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Spring Cosmetology Hair Show a Big Success

Cosmetology HairshowGuests, family and friends got to check out the hottest trends in hair and make-up at Stanly Community College (SCC) last Wednesday evening at the Spring Hair Show. Cosmetology Instructors Linda Hatley, Kimberly Herrin, David Smith, Gena Trogdon, and part-time Instructors Donice Loflin and Tammy Shepherd organized over 50 Cosmetology students to produce a show that featured hair and make-up styles ranging from modern to vintage that included down styles, braids, pretty ponytails and more. The models fluctuated in ages, anywhere from four to sixty-four years old. Models revealed prom attire in silks, sequins and lace, while others wore wedding dresses and vintage attire.

The Cosmetology instructors agreed the students did a terrific job in organizing and preparing their models’ hairstyles and make-up, and that it was a great learning experience for the students to engage in group activities and collaborate with their classmates. Students were able to utilize their skills learned in the classroom at the show and they had a lot of fun doing it.

Nearly 200 people attended the show that was held in the Dennis Auditorium on the Albemarle campus. Robin McCree, Executive Vice President of Educational Services gave opening remarks, and was one of the models—“mother of the bride.” Michael Sperling, Associate Dean of Business & Career Technology introduced each cosmetology student, along with his or her model(s). Ms. Trogdon and Mr. Smith concluded the show with a pinning of the graduates.

In the fall of 2014, SCC partnered with Stanly County Schools and West Stanly High School to teach a Cosmetology Career and College Promise (CCP) program. Students take clients from the general public just like the Cosmetology Department at Burleson Square. The high school students perform all the same services offered at the Albemarle location; haircuts, perms, colors, highlights/low-lights, manicures, pedicures, etc.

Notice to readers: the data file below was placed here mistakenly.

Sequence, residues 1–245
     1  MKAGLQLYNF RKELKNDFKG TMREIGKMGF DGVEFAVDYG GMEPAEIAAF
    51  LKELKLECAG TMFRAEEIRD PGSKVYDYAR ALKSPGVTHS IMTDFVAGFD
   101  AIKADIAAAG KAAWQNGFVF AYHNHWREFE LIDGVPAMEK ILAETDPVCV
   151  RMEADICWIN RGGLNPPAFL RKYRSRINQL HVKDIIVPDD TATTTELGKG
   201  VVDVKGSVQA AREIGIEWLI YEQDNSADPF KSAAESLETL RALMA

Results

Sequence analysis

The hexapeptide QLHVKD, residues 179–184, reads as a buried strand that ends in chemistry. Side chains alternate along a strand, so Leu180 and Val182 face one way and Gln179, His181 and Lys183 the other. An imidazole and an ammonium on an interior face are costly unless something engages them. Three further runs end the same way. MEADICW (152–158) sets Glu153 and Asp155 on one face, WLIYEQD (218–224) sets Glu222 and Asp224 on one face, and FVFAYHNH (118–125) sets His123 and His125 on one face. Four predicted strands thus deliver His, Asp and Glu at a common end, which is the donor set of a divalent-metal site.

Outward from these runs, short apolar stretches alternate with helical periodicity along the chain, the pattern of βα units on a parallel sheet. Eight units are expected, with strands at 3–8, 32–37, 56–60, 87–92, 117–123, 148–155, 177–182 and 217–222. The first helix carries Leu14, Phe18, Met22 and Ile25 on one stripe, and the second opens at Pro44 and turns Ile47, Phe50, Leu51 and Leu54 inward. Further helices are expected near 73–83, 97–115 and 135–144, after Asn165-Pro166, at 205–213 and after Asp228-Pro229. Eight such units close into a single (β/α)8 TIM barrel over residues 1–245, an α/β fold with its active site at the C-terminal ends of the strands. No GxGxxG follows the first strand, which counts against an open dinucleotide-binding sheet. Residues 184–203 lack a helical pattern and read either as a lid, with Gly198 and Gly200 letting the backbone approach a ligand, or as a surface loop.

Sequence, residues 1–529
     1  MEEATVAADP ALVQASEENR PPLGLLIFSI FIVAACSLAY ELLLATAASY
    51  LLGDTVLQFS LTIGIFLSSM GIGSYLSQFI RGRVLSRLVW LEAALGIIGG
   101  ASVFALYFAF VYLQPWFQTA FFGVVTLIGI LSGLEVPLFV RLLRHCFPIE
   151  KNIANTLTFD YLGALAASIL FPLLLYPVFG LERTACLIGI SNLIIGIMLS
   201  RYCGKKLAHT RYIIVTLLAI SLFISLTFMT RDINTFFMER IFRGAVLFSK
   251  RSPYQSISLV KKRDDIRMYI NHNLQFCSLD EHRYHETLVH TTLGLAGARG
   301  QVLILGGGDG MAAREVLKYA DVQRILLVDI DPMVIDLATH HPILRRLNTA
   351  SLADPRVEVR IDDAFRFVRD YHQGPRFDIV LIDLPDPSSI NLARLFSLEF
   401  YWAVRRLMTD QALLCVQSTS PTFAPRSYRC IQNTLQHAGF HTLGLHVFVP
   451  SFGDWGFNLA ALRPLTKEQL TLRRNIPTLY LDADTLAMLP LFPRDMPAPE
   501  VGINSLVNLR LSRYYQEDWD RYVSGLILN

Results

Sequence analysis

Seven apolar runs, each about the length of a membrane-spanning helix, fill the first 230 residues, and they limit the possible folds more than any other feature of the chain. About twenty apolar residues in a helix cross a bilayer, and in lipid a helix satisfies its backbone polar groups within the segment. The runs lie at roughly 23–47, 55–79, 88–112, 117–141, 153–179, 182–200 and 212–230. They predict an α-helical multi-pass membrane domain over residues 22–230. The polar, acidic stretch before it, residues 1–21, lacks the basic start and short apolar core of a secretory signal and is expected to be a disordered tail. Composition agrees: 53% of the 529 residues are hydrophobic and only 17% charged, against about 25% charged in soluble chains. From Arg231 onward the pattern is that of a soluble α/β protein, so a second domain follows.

West Stanly High School’s Cosmetology services are available to the general public from 1:30 p.m. to 6:00 p.m. on Monday and Tuesday; 1:30 p.m. to 5:00 p.m. on Wednesday and Thursday; and 12:15 p.m. to 3:00 p.m. on Fridays. Please help these students by calling to book an appointment at (704) 485-2793.

The Albemarle location services are available to the general public from 12:30 p.m. to 2:30 p.m. on Monday; 10:00 a.m. to 2:30 p.m. Tuesday through Friday. To book an appointment with a student, please call (704) 982-3304. The next Cosmetology program at Burleson Square begins in August. To register contact Gena Trogdon at (704) 991-0374 or gtrogdon5425@stanly.edu.

Cosmetology Hairshow

Over a hundred guests attended the Spring Cosmetology Hair Show held at Stanly Community College last Wednesday evening. Pictured are just a few of the students and models that participated in the show (L-R): Jamie Glover, Alexis Strickland, Alicia Herrin, Natasha Slimich, Jerrika Linker, and Breanna Kimrey. Pictured on the back row: Albemarle High School student Dontonique Gormany, and South Stanly High School student McKenzie Nichole Thompson.

 

Early Childhood Education Receives NAEYC Accreditation

sccnewsiconThe Early Childhood Education (ECE) Department at Stanly Community College (SCC) has received accreditation from the National Association for the Education of Young Children (NAEYC). Founded in 1926, the National Association for the Education of Young Children is the largest and most influential advocate for high-quality early care and education in the United States. “We are extremely excited and proud to have the NAEYC seal of approval,” noted Christie Honeycutt, Associate Dean of the School of Health Sciences and Public Service. “NAEYC accreditation is the highest recognition an early childhood program can achieve. SCC’s early childhood team has worked very hard to meet these standards.”